Cody Bellinger – Chandler (Ariz.) National Little League (2007)
Today, he roams the outfield and first base for the Los Angeles Dodgers, but in 2007 he roamed Al Houghton Stadium at the Little League Western Regional Headquarters in San Bernardino, Calif. Cody Bellinger was a member of the Chandler (Ariz.) National Little League team that won the Arizona State Title, took home the West Region crown, and earned a trip to the Little League Baseball® World Series. A decade after his appearance in San Bernardino and Williamsport, Bellinger was promoted to the Dodgers and had a break out year that included being name an All-Star, participating in the Home Run Derby, earning National League Rookie of the Year honors, and helping his Dodgers to a National League Championship.
Sean Burroughs – Long Beach (Calif.) Little League (1992-93)
One of the more famous players in the Western Regional Tournament that later played in Major League Baseball was Sean Burroughs. As a Little Leaguer®, he was a dominating force for Long Beach (Calif.) Little League both on the mound and at the plate. Long Beach LL is the only team to successful defend its Regional crown, winning in both 1992 and 1993, going on to win the LLBWS in both years. Mr. Burroughs was also a member of the 2000 USA Olympic team that won a gold medal in the Sydney Games. Originally drafted by the San Diego Padres after a tremendous high school career, Burroughs played for several major league teams as a third baseman, but injuries and circumstances limited his success in the major league.
Ed Vosberg – Cactus Little League (Tucson, Ariz.) (1973)
Ed Vosberg is one of only three players to have been in the Little League Baseball World Series, the College World Series, and Major League Baseball World Series. In 1973, Mr. Vosberg was a pitcher for the Cactus Little League team from Tucson, Ariz. Wining the West Region Crown, Arizona went on to the Little League Baseball World Series where they fell to Taiwan in the championship game. In the semifinals, Vosberg threw a one hitter, and later in his collegiate career, helped led the University of Arizona Wildcats to the College World Series. Drafted in 1983 by the San Diego Padres, Vosberg was a left-handed relief pitcher that played for multiple teams during his ten year major league career. 1n 1997, he was a member of the Florida Marlins where he helped lead them to a World Series title.
Michael Conforto – Redmond (Wash.) North Little League (2004)
In 2004, Michael Conforto came to San Bernardino as a member of Redmond North Little League, leading his team to the Northwest Region Championship to earn a trip to Williamsport. Following his impressive Little League career, Conforto went on to play for Oregon State where he led his team to the 2013 College World Series. Currently, Conforto plays for the New York Mets and will be returning to Williamsport this summer to play in the MLB Little League Classic on Sunday, August 19.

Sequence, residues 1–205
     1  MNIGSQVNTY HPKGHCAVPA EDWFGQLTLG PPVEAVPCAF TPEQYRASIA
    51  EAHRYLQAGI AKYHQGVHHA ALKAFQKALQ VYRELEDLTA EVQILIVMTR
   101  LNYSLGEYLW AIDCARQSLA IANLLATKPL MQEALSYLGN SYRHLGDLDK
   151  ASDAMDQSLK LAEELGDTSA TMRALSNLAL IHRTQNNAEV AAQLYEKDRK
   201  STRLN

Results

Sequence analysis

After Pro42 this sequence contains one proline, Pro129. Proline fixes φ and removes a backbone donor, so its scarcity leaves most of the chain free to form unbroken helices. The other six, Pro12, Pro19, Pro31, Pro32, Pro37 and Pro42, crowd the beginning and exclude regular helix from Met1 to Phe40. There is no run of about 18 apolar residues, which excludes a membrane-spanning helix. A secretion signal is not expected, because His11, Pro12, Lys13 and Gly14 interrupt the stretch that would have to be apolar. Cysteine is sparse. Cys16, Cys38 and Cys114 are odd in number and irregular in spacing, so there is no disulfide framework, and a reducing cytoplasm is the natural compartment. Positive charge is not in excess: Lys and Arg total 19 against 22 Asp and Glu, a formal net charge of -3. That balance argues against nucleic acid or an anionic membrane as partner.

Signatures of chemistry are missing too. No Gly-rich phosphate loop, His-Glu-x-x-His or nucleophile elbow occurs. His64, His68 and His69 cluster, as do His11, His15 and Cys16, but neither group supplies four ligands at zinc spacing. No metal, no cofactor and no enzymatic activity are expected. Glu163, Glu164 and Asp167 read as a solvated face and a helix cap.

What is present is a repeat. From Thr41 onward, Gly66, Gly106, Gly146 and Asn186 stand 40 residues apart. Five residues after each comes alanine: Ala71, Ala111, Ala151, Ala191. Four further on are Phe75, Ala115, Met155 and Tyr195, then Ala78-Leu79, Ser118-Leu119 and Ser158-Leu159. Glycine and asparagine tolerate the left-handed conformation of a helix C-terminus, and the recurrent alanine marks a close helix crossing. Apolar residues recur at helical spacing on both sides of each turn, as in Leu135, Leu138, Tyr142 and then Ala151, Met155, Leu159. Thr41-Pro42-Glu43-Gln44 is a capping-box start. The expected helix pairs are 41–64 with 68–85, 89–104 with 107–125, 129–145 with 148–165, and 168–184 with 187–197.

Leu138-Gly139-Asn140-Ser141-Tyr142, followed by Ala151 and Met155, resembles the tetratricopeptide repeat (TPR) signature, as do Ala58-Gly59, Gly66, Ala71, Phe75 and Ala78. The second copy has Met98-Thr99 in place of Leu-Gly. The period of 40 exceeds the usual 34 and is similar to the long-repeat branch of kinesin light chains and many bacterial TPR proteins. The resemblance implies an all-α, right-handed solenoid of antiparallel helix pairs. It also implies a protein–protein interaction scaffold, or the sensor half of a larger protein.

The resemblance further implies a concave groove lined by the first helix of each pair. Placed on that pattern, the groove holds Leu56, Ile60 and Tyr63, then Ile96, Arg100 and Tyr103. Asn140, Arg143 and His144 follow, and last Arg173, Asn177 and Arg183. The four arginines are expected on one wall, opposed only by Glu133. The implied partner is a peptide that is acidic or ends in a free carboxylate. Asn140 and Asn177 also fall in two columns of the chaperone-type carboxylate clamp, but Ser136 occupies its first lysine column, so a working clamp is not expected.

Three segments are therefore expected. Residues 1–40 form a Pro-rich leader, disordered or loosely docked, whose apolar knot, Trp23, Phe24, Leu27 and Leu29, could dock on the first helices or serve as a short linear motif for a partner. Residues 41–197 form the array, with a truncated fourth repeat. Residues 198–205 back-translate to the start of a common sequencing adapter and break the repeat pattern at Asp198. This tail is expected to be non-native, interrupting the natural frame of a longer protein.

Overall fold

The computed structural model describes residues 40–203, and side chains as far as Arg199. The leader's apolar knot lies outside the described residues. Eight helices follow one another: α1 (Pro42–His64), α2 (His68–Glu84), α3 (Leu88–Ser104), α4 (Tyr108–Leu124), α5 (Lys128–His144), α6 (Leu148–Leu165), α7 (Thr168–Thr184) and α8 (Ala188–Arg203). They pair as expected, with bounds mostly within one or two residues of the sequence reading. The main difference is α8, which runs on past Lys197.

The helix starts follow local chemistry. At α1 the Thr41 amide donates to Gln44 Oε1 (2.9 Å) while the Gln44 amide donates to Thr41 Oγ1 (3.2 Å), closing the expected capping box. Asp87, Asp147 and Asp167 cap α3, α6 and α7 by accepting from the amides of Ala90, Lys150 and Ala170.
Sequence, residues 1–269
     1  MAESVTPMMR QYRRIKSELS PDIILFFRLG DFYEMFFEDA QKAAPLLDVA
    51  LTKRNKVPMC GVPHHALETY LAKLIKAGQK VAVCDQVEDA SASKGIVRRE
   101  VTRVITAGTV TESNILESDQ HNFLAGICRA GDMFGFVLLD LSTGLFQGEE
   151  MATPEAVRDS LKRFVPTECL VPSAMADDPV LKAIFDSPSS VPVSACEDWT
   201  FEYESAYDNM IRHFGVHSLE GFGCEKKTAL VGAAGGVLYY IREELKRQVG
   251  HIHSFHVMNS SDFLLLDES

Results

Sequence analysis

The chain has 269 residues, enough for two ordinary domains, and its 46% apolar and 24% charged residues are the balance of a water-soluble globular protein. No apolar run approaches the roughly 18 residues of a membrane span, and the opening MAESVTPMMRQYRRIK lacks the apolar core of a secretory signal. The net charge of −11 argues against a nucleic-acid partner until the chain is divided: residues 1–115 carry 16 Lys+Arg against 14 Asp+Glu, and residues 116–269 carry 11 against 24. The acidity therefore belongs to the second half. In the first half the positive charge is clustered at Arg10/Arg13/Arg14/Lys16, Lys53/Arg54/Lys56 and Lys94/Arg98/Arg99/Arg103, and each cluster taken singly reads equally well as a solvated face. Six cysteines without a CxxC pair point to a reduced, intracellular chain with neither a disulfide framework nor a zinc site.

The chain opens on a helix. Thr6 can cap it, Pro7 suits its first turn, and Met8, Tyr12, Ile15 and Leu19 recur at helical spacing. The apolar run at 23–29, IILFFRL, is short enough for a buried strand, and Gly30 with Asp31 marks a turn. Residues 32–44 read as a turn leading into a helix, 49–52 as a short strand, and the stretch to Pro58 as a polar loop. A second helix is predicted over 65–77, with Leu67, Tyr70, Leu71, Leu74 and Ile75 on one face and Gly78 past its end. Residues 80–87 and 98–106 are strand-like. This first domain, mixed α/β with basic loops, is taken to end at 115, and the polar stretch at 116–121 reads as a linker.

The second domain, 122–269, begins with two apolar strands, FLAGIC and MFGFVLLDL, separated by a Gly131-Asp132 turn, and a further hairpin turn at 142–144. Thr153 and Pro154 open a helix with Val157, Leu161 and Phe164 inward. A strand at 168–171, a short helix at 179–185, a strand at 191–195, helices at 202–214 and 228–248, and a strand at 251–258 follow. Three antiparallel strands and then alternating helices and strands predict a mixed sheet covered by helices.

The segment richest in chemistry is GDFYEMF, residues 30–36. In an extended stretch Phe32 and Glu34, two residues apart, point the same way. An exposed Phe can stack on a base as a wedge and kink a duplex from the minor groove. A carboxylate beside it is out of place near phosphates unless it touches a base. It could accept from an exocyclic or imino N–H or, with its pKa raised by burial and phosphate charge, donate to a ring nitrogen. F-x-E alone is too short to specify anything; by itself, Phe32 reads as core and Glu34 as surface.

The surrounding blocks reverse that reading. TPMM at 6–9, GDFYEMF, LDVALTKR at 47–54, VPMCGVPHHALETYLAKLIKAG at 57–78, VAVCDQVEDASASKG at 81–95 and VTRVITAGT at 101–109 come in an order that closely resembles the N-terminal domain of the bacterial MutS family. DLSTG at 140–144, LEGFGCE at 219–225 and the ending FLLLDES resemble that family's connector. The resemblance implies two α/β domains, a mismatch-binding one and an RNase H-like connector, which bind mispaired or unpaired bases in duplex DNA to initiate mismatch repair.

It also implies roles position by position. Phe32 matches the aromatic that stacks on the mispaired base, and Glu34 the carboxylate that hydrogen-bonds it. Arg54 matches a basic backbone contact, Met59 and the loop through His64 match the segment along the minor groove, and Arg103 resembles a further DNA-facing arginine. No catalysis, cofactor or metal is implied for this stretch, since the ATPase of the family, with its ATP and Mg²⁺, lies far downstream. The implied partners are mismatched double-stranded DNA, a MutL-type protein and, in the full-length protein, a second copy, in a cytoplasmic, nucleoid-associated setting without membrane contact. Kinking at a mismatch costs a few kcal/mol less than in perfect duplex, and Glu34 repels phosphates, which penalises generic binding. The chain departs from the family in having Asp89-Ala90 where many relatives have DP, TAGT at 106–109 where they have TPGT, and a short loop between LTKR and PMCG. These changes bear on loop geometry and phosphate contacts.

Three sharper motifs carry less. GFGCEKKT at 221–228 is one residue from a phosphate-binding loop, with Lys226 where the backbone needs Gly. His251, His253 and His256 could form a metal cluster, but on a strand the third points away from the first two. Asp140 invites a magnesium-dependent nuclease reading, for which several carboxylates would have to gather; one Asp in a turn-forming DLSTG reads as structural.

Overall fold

Stephen Fife – South Central Boise (Idaho) Little League (1999)
Stephen Fife led Idaho to its first and only West Regional Championship in 1999 as a member of South Central Boise (Idaho) Little League. He was drafted by the Boston Red Sox in 2008 and began his major league in 2012 as a member of the Los Angeles Dodgers.
Darnell Coles – San-Ri Little League (Rialto/San Bernardino, Calif.) (1974)
As a member of one of three local-area teams to ever play at the Western Regional Headquarters in San Bernardino, Darnell Coles led the San-Ri Little League from Rialto & San Bernardino to the West Regionals in 1974. Unfortunately, San-Ri lost in the championship game to a very tough Red Bluff team from Northern California. After a star career at Eisenhower High School, lettering in four sports, Coles earned a football scholarship to UCLA. Despite his scholarship, Coles was also drafted by the Seattle Mariners and chose to play baseball. Coles later starred with the Detroit Tigers, hitting 20 home runs in one season. He is currently the hitting instructor for the Milwaukee Brewers.
Hank Conger – Ocean View Little League (Huntington Beach, Calif.) (2000)
Hank Conger played for Ocean View Little League of Huntington Beach, Calif., in the 2000 Western Regional Tournament. In the championship game, the team from Washington avoided pitching to him in each of his at bats, and went on to defeat Ocean View Little League by a run. Conger was later drafted by the Anaheim Angles in 2006, played in his first major league game for the Angels in 2011, and was later traded to the Houston Astros.
Ken Hubbs – Colton (Calif.) Little League (1954)
While he never played at the Western Regional Headquarters, Ken Hubbs and the Colton (Calif.) Little League went to the Little League Baseball World Series in 1954. He lettered in four sports in high school, named All-CIF in three sports, and was named an All-American in both football and baseball. After being recruited by John Wooden to play basketball at UCLA, Hubbs was drafted by the Chicago Cubs and quickly made his way to the majors, setting many fielding records in his brief career. In 1962, he was named the National League Rookie of the Year and became the first rookie to also win the Golden Glove. Unfortunately, his career was cut short as he died shortly later in a plane crash. In his honor, Colton Little League has since been renamed Ken Hubbs Little League and continues to be an active Little League program today.
Matt and Marques Tuiasosopo – Woodinville (Wash.) Little League (1995 & 1998)
There have been several players who played at the Western Regionals and went on to play in the NFL instead of Major League Baseball. One of them is part of the only brother combination that played in the West Regional tournament that also went on to play professionally, the Tuiasosopo brothers. Graduates of Woodinville (Wash.) Little, Marques played in San Bernardino in 1995 and Matt played in 1998. Marques was drafted by the Minnesota Twins, but opted to accept a football scholarship to the University of Washington where he led the Huskies to a Pac 10 and Rose Bowl Championship 2000. One year later, he was drafted by the Oakland Raiders and spent eight season in the NFL. Today he serves as the quarterback coach at the University of California-Berkley. His brother Matt played at the Western Regional in 1998, was drafted by the Mariners in 2004, and later made his MLB debut in 2008 before going on to play with the Detroit Tigers.